Once a significant part of the mighty Austro-Hungarian Empire, present-day Slovenia became an independent nation with the dissolution of Yugoslavia in 1991. It is bordered by Italy, Austria, Hungary and Croatia. Slovenia is renowned as a diligent, hard-working nation, part of the reason that it is the wealthiest of the new EU members. Slovenes constantly aim to prove themselves and to progress. Their toil and persistence has allowed many of its people to achieve at the global level. Slovenia boasts an exceptional number of top athletes particularly those involved in extreme sports, from mountaineering and speed skiing to ultra-marathon biking and competitive swimming.
Slovenia has a very well-developed network of cultural institutions, organizations and associations, comparable with the wealthiest and most progressive countries in Europe. The range of cultural events, festivals, concerts and exhibitions is enough to satisfy the most demanding of visitors. Ljubljana (the capital) is a vibrant, youthful city with a thrilling arts scene, a myriad of festivals and impressive architecture that runs the stylistic gamut from Renaissance to Art Nouveau.
Slovenia’s rich architectural heritage can be seen in both town and country. Well-preserved medieval town centers and more modern public buildings in various famous architectural styles will delight the most discerning architectural buff.
The unique features of rural architecture vary from region to region and are exemplified in open-air museums, castles, manor houses and palaces. The image of Slovenian towns and villages has emerged over centuries of pride, perseverance and hard work. The oldest well-preserved buildings include churches, monasteries and castles. Many date back to the Romanesque architectural period. Several Slovenian towns have well-preserved medieval town centers, which the country continually strives to maintain. Distinctive architectural features of the countryside include Karst houses, channeled roof tiles, old granaries and village wells.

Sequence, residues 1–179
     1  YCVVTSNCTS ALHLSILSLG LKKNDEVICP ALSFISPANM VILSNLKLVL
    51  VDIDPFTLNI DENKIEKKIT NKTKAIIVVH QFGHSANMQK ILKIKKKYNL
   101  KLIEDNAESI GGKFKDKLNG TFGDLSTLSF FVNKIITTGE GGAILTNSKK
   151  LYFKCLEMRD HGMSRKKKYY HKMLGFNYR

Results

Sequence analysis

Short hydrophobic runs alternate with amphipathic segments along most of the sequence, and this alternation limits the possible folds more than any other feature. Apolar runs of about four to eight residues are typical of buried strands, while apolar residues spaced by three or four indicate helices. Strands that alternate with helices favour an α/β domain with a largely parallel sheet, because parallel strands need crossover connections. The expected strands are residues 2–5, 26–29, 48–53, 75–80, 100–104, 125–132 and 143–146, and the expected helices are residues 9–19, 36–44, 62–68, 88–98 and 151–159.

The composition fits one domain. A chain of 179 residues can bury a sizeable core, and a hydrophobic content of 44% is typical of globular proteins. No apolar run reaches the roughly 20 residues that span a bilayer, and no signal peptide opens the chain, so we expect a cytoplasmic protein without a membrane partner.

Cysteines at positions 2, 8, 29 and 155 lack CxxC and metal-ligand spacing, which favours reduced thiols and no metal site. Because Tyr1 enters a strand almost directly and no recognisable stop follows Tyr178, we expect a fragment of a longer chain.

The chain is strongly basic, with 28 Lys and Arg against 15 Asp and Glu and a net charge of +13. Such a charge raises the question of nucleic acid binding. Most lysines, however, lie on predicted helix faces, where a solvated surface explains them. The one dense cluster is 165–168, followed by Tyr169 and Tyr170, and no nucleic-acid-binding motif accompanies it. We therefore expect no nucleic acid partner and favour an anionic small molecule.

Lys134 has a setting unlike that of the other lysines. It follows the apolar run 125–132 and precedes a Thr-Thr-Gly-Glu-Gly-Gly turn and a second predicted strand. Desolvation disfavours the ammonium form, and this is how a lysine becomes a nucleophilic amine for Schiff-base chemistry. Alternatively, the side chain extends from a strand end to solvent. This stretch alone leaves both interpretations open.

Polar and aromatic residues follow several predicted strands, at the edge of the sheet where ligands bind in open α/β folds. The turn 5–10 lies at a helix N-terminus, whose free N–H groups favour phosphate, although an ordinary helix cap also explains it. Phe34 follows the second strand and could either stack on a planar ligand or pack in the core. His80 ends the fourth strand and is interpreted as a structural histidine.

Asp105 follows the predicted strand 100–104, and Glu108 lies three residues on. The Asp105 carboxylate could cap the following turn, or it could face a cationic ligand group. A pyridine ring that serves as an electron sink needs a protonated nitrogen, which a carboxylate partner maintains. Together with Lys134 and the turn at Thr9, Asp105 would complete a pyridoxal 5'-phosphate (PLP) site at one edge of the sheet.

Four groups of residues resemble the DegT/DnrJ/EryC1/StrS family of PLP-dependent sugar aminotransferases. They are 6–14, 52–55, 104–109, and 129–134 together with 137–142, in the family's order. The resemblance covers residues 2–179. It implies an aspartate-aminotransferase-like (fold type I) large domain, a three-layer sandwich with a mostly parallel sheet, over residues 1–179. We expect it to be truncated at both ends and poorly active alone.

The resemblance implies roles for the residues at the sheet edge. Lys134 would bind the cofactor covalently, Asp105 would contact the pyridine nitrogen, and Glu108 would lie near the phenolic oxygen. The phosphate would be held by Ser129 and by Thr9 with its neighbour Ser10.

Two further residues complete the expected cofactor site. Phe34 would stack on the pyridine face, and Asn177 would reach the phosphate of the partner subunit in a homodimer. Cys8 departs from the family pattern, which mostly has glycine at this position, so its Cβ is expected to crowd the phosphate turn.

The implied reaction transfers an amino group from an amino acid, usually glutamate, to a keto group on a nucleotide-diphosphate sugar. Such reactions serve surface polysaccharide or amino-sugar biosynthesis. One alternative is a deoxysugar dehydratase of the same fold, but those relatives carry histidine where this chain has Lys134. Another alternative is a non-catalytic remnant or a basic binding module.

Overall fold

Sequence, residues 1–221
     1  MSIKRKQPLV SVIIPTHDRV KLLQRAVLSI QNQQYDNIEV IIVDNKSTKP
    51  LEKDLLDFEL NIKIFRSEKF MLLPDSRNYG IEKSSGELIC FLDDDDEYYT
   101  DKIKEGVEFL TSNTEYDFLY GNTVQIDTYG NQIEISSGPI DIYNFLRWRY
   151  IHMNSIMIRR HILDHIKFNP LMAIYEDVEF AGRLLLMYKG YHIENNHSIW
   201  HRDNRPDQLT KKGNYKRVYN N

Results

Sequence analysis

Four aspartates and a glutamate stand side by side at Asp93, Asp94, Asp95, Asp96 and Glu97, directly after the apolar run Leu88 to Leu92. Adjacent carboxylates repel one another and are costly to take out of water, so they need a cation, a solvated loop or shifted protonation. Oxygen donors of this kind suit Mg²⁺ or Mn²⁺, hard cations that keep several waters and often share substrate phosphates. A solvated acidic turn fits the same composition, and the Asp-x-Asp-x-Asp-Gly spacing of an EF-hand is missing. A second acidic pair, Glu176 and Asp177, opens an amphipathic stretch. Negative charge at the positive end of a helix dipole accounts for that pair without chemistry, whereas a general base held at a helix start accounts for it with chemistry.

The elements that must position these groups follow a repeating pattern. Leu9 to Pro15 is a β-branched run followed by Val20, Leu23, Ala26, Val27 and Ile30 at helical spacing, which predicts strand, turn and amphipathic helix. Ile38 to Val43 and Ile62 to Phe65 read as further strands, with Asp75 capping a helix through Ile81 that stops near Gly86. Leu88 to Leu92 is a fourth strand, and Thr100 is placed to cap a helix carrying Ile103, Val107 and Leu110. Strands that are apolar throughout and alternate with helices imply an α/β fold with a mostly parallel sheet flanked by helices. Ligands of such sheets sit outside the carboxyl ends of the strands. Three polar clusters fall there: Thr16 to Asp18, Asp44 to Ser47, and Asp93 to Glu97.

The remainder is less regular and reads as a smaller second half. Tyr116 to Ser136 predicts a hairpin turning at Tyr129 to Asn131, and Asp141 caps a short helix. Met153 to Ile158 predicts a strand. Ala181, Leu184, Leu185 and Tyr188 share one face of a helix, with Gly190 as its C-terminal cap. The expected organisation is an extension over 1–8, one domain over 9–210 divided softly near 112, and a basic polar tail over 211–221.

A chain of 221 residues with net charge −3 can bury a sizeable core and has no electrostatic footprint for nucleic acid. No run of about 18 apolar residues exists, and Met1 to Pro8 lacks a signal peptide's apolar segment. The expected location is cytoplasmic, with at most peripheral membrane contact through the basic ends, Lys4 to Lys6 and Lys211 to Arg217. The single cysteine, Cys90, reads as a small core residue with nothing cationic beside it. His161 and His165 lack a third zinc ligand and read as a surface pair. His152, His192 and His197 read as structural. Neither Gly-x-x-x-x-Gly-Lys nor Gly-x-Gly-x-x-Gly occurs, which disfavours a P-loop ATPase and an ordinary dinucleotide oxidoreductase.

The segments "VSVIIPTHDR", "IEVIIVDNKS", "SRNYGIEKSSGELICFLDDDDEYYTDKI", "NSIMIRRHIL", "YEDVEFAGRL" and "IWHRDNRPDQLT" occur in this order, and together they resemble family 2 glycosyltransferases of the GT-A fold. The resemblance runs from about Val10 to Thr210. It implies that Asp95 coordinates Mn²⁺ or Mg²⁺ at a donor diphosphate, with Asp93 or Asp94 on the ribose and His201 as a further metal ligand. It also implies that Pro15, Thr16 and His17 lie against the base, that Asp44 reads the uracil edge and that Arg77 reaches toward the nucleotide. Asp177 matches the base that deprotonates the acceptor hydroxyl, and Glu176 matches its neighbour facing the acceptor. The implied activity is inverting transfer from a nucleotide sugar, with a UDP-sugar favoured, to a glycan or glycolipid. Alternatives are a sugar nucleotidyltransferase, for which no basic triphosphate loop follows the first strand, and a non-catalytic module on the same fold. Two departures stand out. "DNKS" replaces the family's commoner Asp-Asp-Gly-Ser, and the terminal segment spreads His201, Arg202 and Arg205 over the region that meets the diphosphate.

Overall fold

The small size of the market means that many artistic and cultural activities in Slovenia enjoy significant support and subsidies from the government and funding from local authorities. Slovenes are well-attuned to natural beauty and historic preservation and the inclination is always to protect and preserve its treasures.
The focus of AiP’s current project in Slovenia is the Beškovnikova Homestead located in the hills of southeastern Slovenia in the town of Vitanje. Together with our partner, Etno-eko, we have a developed an intergenerational experience that gives travelers of all ages the opportunity to explore Slovenia’s rural traditions. Younger folks will spend their days with award-winning educator Tanja Gobec in learning traditional crafts and skills, including, yes, a morning’s work on the farm. Older teens, parents and grandparents will join conservation work at the homestead cottage, learning wood carving, decorative painting. But never fear, they too will have a turn at farm chores!
Learn even more about this wonderful country — be one of the first families to sign up for Adventures in Preservation’s project in Slovenia and get a copy of the Lonely Planet Slovenia guidebook free!